Why I Read (and Love) YA

Happy I Read YA Week!

All week book lovers are encouraged to share why they read Young Adult books. (Join in on social media and use #IreadYA!) Here’s my short list.

I read YA (and any books labeled for “young readers”),

because what I read in my childhood and teen years will stick with me forever. Those stories taught me to love so many genres, to explore and imagine possibilities of which I had never dreamed, and to enjoy my own company but also have something meaningful to share with others.

because certain YA books were the first I read on my own in which girls and women were girls and women, not some archetype. They weren’t limited to or defined by one attribute, one characteristic, one status, or superpower. I saw myself in them. I wanted to be them. I wanted to be their friend. They were interesting people, simple as that.

The Ghost Wore Gray (Coville), George Washington's Socks (Woodruff), Black Horses for the King (McCaffrey), Dragon's Milk (Fletcher), and The True Confessions of Charlotte Doyle (Avi). Eternally grateful for these and so many others from my youth.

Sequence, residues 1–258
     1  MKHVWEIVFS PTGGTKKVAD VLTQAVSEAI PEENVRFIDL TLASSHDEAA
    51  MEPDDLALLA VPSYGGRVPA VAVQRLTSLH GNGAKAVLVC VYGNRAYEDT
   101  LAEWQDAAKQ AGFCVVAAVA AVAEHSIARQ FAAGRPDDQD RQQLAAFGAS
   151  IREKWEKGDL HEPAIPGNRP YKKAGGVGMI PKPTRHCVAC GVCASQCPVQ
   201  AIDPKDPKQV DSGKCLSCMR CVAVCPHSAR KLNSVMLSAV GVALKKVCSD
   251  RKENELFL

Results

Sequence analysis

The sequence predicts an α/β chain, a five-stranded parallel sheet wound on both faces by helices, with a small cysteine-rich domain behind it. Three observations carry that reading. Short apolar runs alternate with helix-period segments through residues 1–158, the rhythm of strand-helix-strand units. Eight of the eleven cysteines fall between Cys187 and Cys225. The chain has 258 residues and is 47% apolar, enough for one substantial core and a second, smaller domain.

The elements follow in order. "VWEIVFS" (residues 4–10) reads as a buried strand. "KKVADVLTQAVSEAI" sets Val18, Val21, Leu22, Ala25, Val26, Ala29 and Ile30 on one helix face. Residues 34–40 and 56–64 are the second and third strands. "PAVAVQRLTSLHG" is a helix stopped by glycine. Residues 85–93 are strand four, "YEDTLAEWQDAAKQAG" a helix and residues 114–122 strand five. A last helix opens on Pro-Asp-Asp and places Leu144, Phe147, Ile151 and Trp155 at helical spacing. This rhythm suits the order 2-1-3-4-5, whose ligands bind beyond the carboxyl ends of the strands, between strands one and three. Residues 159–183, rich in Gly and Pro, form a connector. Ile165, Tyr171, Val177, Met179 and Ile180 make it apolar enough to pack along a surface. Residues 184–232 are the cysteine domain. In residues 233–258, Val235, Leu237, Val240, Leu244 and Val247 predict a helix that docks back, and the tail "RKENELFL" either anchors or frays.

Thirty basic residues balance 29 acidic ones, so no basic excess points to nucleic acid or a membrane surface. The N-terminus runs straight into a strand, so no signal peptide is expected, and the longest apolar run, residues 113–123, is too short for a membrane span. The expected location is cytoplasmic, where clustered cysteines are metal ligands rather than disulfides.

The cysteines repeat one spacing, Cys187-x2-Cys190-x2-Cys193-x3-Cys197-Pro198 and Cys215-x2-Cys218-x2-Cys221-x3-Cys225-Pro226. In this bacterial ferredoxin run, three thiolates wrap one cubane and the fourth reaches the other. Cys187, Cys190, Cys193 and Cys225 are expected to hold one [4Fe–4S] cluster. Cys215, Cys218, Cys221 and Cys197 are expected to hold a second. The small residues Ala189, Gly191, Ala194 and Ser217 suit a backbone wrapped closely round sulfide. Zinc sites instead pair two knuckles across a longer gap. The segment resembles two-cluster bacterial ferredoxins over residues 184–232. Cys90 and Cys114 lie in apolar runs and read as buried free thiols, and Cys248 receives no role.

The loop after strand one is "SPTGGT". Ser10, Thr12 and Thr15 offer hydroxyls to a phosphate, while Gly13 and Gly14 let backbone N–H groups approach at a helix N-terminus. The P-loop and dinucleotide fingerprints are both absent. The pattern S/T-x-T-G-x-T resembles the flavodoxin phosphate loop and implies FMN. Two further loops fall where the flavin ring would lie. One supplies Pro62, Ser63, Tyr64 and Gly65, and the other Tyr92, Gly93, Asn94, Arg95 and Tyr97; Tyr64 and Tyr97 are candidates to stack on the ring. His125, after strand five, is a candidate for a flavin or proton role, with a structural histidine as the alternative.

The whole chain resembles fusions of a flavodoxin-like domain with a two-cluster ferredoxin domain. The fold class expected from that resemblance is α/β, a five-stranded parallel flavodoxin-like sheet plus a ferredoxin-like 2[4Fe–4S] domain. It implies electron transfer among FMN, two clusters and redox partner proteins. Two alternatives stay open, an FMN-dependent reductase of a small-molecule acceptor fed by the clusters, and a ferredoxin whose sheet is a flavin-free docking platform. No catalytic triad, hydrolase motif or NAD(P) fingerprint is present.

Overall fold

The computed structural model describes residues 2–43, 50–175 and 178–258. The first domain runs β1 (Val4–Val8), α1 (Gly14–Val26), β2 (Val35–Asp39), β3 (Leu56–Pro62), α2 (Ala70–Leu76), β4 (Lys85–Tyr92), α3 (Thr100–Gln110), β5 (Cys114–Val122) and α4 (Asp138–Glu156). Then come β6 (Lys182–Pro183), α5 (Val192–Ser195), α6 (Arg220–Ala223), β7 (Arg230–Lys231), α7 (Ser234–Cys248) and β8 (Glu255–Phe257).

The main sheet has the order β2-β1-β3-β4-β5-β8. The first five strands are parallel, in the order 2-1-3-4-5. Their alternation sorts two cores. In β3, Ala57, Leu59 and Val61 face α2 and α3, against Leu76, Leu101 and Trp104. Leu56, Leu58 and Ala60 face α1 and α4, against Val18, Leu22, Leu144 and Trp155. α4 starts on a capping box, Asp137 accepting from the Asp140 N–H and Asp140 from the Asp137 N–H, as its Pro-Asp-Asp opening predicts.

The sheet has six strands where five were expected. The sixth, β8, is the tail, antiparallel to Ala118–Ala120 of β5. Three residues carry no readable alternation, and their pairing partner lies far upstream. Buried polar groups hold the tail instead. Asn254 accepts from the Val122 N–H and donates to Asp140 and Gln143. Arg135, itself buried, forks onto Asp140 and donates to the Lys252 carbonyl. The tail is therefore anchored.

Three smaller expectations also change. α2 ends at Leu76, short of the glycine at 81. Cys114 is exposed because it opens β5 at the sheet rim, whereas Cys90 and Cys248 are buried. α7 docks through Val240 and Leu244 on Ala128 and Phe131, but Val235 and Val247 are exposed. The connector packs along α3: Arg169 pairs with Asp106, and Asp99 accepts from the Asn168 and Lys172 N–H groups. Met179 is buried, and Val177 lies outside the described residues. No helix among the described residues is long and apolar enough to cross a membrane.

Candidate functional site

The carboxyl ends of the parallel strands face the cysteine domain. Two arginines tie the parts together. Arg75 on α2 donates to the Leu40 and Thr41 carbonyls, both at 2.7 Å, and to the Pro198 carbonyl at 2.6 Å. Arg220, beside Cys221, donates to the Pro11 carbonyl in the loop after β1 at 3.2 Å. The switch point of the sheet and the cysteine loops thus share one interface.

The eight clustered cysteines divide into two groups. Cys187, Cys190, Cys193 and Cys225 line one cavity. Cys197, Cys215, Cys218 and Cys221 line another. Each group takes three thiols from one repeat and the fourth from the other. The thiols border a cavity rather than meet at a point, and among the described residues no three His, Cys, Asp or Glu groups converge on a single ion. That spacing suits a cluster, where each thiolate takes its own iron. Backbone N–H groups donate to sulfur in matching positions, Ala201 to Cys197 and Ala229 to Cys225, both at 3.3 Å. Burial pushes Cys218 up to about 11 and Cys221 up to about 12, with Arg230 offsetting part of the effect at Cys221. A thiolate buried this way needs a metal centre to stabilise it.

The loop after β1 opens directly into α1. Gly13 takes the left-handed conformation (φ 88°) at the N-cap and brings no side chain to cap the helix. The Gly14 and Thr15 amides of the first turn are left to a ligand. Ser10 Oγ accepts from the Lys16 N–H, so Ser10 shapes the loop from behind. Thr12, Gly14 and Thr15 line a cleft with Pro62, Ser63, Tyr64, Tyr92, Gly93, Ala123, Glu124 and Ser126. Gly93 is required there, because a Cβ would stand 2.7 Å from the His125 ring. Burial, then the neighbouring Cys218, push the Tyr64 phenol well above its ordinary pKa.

Eternally grateful for these and so many others from my youth. The Ghost Wore Gray (Coville), George Washington’s Socks (Woodruff), Black Horses for the King (McCaffrey), Dragon’s Milk (Fletcher), and The True Confessions of Charlotte Doyle (Avi).

because Bruce Coville and Susan Fletcher were the first authors to ever write back to me, making young Kate feel like she mattered. My resulting loyalty hasn’t gone away.

because I have a child. If I think a book is worth my kid reading someday (a pretty high standard), why wouldn’t I want to read something that good, too?

because it makes me laugh and cry, relive childhood, and continually re-examine adulthood.

because there’s room in it for everyone. It challenges expectations. Simultaneously celebrates and questions tradition. Creates fandoms and champions geekery.

because YA books taught me to willingly lose sleep to finish just one more chapter and still mourn shamelessly when I reached the back cover.

because YA calls out grown-ups who try to shield youth from the challenging, important, passionate, tragic, comic, and fascinating lives they’re already living.

because it opens us all to experience compassion for our fellow inhabitants of the world.

because I never, ever want to have nothing to offer if asked by a young (and possibly hesitant) reader what book they might like.

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